When It's Not OK To Judge Other's Parenting

Bringing up children, whether you have one, or seven, is hard work. If you're single, it's tough, if you have to agree on the way in which your children are raised with a co-parent, it's tough. Bringing up children on a budget is difficult, but the real trouble, the grind and hard work, is still there with wealth. There's no such thing as an easy ride when it comes to being a Mother, a Father, a Step Parent, a Foster Carer, or even a hands on Grandparent. It's bloody hard.

("family" cookie cutters are from Tesco, discontinued but you can get similar here.)

Which is why it surprises me that we all (and I include myself in this) like to have an opinion on how other people do it. We'll all sip a coffee with friends and start our sentences with "Now, I don't like to judge other people on how they choose to raise their children, but..." - and we compare our choices endlessly to those of other people. You can defend yourself on this one if you wish, claim an impartial "each to their own" attitude and assure me that you don't judge other parents, but here's the thing, if you believe that you are doing the right thing for your children in the manner that you choose to raise them, whatever that might mean to you, then your opinion is that you're parenting well... and as such you can not help but believe that there are others in the world who do it badly.

We judge people every day, based on how they look, what they are doing, how they speak, the book they're reading on the train, or what's in their shopping basket, it's perfectly normal human behaviour and we don't have to apologise for it - but when it comes to other people's kids... we're sometimes way too quick to jump to conclusions. 

There is a girl of about 8 or 9 whose brother goes to one of Seb's out-of-school-clubs. Whilst her brother is busy, she is largely left to her own devices, which, as far as I can tell, involves being revolting towards her Mother. This has been annoying me for weeks. I sit, takeaway coffee cup in hand, and listen to her berate her Mother for at least 30 minutes, on everything from why she needs money for biscuits to why it's only fair that she is taken to this event or that event, or that she must be bought new trainers. I don't like the child. Every week I want to grab her Mother by the shoulders and shout in her face "why are you taking this crap? Please. Make her shut up." I want to know why she sits there staring vacantly in to thin air whilst any other human makes demands upon the contents of her purse, without so much as saying please; least of all why she puts up with it from a child who she's going to release in to the adult world as a repugnant, rude little urchin who expects the rest of society to barf up her requirements.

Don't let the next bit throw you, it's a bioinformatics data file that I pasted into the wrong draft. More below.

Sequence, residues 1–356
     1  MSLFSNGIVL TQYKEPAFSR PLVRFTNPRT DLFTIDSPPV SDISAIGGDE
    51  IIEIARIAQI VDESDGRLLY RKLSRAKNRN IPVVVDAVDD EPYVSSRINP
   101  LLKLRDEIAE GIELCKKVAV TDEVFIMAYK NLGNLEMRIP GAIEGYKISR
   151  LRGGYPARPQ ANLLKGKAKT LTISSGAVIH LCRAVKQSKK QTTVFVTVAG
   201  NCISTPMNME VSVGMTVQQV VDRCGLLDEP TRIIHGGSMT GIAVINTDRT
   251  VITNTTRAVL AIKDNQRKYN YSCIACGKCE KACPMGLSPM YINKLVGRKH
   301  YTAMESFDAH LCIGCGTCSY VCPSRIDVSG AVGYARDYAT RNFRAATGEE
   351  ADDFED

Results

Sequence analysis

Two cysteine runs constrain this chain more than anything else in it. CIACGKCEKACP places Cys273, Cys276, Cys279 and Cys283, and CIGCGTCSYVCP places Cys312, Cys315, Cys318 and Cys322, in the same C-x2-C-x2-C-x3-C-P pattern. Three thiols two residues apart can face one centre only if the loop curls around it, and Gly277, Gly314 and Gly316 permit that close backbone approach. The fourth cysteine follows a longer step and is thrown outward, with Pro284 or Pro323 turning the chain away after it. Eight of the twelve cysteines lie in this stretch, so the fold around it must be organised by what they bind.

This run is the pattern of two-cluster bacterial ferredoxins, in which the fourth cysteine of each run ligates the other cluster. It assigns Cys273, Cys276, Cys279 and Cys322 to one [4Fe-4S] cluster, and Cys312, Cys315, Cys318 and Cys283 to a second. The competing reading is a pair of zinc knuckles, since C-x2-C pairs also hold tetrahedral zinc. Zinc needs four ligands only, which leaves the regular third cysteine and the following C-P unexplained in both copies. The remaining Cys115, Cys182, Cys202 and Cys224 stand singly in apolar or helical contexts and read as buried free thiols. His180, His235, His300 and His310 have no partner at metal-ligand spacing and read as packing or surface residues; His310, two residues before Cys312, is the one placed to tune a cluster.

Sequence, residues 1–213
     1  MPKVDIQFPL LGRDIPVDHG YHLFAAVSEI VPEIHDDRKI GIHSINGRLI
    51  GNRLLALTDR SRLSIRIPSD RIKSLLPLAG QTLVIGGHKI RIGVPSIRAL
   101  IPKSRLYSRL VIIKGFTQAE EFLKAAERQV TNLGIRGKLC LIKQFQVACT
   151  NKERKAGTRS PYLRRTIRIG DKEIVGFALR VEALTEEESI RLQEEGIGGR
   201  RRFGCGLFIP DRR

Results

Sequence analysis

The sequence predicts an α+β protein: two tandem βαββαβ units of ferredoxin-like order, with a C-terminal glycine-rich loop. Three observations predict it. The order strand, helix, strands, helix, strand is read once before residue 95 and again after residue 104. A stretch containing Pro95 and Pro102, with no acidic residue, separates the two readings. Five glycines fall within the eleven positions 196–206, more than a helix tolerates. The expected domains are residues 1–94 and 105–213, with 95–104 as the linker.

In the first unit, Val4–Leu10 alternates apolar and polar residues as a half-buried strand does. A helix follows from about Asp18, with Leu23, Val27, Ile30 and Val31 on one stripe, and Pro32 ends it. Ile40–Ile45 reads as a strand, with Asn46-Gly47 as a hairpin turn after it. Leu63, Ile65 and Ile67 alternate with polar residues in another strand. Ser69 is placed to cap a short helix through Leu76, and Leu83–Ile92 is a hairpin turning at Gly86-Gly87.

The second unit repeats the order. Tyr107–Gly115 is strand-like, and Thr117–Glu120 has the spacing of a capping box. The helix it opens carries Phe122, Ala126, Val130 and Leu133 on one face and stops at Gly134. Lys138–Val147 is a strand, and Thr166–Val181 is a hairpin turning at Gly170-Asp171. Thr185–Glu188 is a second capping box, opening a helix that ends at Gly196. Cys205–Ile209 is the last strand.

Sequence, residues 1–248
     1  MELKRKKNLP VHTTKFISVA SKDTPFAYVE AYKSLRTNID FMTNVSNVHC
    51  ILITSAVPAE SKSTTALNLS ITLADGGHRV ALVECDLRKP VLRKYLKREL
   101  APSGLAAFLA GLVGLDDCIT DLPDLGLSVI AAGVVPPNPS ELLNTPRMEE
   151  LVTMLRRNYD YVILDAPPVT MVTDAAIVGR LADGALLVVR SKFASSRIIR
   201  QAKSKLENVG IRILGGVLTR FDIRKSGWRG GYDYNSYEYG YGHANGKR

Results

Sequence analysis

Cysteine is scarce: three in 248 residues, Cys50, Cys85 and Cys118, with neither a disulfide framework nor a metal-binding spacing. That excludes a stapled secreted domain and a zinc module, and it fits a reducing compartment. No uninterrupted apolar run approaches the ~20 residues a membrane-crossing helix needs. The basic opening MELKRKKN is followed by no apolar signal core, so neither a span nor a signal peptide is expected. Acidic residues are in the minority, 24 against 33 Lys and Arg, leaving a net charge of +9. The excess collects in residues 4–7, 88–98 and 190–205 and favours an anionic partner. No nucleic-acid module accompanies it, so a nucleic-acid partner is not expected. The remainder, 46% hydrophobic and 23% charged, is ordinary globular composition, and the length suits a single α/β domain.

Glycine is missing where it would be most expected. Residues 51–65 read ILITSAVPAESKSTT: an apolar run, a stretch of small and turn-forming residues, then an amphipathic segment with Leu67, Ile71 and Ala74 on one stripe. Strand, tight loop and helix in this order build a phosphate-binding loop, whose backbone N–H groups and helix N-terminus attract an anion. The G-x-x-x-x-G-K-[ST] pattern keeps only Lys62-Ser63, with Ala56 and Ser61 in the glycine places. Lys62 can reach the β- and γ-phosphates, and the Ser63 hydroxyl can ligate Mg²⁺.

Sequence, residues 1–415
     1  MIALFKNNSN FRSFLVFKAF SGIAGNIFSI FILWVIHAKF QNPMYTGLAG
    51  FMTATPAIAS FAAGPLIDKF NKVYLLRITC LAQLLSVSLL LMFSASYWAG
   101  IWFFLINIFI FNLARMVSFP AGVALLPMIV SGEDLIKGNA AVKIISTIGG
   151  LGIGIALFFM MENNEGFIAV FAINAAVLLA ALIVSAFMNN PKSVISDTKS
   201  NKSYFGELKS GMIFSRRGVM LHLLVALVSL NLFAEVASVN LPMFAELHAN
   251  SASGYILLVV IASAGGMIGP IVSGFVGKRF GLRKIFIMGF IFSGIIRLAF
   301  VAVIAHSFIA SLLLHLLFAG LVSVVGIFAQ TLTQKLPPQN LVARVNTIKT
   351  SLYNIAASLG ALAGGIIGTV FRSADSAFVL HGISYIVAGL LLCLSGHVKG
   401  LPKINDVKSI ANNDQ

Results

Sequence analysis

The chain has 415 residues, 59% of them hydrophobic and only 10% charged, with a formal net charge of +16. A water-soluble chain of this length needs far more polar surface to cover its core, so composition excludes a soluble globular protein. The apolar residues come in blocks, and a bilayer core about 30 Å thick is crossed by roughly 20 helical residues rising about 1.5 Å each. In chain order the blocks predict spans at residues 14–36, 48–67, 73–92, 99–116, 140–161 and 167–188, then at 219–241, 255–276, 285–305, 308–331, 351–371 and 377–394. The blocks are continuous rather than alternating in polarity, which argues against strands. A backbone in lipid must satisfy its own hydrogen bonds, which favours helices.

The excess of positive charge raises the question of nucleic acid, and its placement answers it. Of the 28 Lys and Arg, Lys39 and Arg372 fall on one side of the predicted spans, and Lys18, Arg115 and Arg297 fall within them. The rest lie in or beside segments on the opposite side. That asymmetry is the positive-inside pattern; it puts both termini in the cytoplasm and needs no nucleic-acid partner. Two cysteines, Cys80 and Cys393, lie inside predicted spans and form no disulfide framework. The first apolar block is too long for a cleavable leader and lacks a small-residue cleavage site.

Then, other things happen, things that make me feel really bad.

 On Tuesday of this week I picked Seb up from school after he'd spent the previous night at his Dad's. It was one night, and actually, I got a good night's sleep and didn't have to run around in the morning panicking about breakfast and book bag, but there's nothing fun about being separated from your only child, and I'm still getting used to this arrangement following my separation. It aches and it's horrid, and I know that anyone who's ever separated from the "other parent" of their child(ren) will be familiar with that sick feeling that comes with having "a night off".

Once I'd picked Seb up and cuddled him profusely, we went to Tesco. Unremarkable, I know. Seb asked for doughnuts, I couldn't tell you whether or not he said please, I bought the doughnuts. He also wanted some ridiculously priced Danone yoghurt drinks, which I'd usually have objected to, but they went in to the basket. As we walked around the shop he said, and I quote "do you have work to do today Mummy?" to which I replied that I had some to get done, and his response, was, "do it when I've gone to bed. I want to use the computer to watch Clifford." This should really have lead me to drop-kick him head first through the self service checkouts and in to the collection bin for the local food bank, but alas, I just ruffled his hair a bit and smiled. 

I thought after this shopping episode, about the Mother with the appalling daughter. I realised that anyone listening to or watching me shopping with Seb on Tuesday must have thought exactly what I think during that 30 minute coffee drinking session. I realised that maybe I shouldn't be so quick to shake people by the shoulders. For all I know, that woman collects her daughter from her Dad's on the same day every week, just like me, and would give all of the cookies, dance workshops and new trainers in the world to spend every day with her forever. 

I can't promise that I can stop making unfair and irrational assumptions about people based on how they and their children behave around one another, but it comes back to that golden piece of advice:

Be kind, for everyone is fighting a battle you know nothing about.

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